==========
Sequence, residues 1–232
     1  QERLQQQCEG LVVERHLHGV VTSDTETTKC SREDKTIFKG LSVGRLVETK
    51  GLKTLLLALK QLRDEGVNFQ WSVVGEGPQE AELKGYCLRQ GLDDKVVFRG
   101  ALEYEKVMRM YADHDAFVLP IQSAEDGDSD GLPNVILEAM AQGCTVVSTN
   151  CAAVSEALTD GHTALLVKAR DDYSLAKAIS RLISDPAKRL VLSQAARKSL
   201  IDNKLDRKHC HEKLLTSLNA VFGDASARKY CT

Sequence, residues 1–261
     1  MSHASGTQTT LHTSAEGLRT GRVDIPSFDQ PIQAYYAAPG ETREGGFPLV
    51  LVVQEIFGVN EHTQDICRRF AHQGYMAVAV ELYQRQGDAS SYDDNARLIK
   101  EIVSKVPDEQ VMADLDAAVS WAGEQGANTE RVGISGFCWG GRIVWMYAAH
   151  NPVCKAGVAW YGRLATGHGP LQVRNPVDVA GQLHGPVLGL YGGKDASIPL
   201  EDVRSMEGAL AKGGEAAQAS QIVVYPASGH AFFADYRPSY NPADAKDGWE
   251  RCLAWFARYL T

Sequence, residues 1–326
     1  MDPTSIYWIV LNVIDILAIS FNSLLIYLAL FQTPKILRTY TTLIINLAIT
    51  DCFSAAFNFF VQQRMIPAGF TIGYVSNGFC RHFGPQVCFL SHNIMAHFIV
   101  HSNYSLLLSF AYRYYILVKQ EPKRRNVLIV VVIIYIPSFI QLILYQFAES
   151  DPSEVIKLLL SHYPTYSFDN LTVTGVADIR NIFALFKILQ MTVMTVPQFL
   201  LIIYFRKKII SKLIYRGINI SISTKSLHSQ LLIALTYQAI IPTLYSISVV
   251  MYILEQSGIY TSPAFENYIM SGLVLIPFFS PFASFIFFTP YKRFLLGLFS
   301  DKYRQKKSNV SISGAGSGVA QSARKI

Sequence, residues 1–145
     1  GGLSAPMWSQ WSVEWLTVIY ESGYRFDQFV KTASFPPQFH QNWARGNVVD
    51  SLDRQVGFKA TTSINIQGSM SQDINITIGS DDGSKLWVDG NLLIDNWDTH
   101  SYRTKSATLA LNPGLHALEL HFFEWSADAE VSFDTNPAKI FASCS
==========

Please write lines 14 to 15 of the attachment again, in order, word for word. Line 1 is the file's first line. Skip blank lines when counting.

Sequence, residues 1–326
     1  MDPTSIYWIV LNVIDILAIS FNSLLIYLAL FQTPKILRTY TTLIINLAIT